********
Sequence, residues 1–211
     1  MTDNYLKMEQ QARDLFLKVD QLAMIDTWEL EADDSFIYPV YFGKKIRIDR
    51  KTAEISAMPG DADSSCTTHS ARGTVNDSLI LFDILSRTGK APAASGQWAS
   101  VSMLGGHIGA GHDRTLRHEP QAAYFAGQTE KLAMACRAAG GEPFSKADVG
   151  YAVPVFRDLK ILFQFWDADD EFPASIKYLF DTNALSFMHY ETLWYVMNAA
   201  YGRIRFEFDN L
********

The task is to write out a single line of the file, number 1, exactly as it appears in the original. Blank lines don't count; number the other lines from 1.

Sequence, residues 1–211